Even if you’re brushing twice daily as recommended by Dr. Jacob Grapevine of Plano TX, you may not be doing enough to ward off tooth decay and gingivitis (gum disease). Although brushing is a vital part of your daily oral hygiene regimen, flossing is equally important. Brushing removes only the plaque-forming that are easiest to reach.
If not removed, this bacteria, combined with saliva and food particles, creates plaque. Plaque is a sticky but clear and colorless substance that attaches to your teeth. The bacteria finds fertile environment in the plaque to begin to eat away at your tooth enamel. This eventually leads to cavities.
This where flossing can make all the difference. Flossing clears the plaque that your toothbrush can’t easily reach in places like between your teeth and along the gum line. However, to get the maximum effect you need to make sure you are flossing correctly. In this case the old saying “an ounce of prevention is worth a pound of cure” still rings true. Flossing is that ounce of prevention against tooth decay, helping you to avoid painful, time-consuming and potentially costly dental procedures. These procedures can become necessary when tooth decay is allowed to flourish unchecked between teeth.
How to Floss
- Wrap around your middle fingers a length of floss about eighteen inches long. Use your thumbs and forefingers to move the floss. You should wind more around one finger than the other so you can wind the already used floss toward the finger with less floss wrapped around it and access a fresh length.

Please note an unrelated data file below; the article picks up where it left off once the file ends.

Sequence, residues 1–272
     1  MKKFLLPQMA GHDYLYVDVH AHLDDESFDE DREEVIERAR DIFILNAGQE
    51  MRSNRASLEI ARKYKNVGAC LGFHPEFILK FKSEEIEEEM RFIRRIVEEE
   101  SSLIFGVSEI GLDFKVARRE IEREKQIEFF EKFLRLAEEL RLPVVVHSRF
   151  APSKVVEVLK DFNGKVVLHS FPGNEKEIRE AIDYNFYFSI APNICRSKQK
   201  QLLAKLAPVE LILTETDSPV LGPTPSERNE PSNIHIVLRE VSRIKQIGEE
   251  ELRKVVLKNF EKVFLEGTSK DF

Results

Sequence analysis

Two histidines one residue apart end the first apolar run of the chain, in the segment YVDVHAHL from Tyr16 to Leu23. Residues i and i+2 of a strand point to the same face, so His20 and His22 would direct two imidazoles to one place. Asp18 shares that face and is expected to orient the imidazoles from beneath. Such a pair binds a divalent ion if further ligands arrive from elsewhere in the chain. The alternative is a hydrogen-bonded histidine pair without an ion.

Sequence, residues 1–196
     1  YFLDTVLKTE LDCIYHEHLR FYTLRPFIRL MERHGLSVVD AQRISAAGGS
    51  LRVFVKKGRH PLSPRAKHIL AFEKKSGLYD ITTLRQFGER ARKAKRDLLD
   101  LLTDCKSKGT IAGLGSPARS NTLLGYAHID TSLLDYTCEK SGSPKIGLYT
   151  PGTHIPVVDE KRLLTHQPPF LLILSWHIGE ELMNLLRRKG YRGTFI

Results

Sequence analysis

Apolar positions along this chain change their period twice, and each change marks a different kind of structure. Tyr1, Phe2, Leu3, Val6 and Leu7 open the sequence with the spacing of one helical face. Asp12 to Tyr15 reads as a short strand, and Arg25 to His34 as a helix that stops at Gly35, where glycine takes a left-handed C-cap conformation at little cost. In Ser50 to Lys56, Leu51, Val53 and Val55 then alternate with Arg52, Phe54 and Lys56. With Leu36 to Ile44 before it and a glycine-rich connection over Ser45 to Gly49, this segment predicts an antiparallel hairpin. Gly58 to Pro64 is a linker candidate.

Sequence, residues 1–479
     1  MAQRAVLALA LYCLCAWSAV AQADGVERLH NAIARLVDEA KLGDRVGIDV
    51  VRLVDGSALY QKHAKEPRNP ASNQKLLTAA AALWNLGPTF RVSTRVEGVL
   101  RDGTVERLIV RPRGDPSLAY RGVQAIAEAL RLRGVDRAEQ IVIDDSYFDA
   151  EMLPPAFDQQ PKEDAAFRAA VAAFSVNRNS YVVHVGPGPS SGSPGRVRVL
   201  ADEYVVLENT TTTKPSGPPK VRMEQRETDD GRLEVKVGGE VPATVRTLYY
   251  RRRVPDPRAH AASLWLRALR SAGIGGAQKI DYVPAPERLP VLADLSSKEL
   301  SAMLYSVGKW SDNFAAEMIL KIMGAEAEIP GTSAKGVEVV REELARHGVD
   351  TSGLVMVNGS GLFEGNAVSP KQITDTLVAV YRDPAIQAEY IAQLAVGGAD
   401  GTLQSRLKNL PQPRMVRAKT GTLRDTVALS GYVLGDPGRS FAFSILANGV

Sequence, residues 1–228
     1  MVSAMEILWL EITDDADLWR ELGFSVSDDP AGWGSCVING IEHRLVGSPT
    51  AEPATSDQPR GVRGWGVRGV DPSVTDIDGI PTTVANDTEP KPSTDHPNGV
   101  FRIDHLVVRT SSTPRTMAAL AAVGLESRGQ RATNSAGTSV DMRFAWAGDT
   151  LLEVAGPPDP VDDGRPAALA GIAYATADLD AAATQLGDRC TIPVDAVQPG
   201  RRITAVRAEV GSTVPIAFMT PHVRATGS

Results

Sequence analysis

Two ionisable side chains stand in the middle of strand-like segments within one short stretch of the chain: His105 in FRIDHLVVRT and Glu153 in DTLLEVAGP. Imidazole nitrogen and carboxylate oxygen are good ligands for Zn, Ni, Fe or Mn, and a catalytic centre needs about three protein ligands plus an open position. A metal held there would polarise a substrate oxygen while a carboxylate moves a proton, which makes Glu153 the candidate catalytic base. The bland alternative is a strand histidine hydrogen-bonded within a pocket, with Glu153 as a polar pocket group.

- Push the floss between two teeth and use a gentle “sawing” (back and forth) motion all the way from the top of the teeth down to their base where they erupt from your gums.
- Wrap the floss around the side of one tooth in a “U” shape then gently slide up and down your tooth. Repeat this several times, making sure to go slightly underneath the gum-line, then repeat on the other side of the tooth. Do this for each tooth in your mouth.
- Again be sure to wind up the floss around your finger so you’re using a clean length of floss for each space between your teeth that you floss. Bacteria that has been removed on floss can linger and make you sick if reintroduced later.
Some people prefer to use floss picks over free lengths of floss. These “Y” shaped pieces of plastic with floss strung between the “arms” of the “Y” are readily available at most stores. However, Dr. Grapevine would probably recommend using a length of “free” floss and your hands. Floss picks aren’t made to allow proper flossing due to the fact that you cannot wrap them around a tooth in the “U” shape recommended. However, all dentists would probably agree that using the picks is still better than not flossing at all.
Most dentists recommend flossing after your brush as there will already be less plaque and food particles to get stuck on the floss. If you have any additional questions about brushing, flossing or your oral health, call 972.268.6480 or schedule an appointment online with Dr. Grapevine today.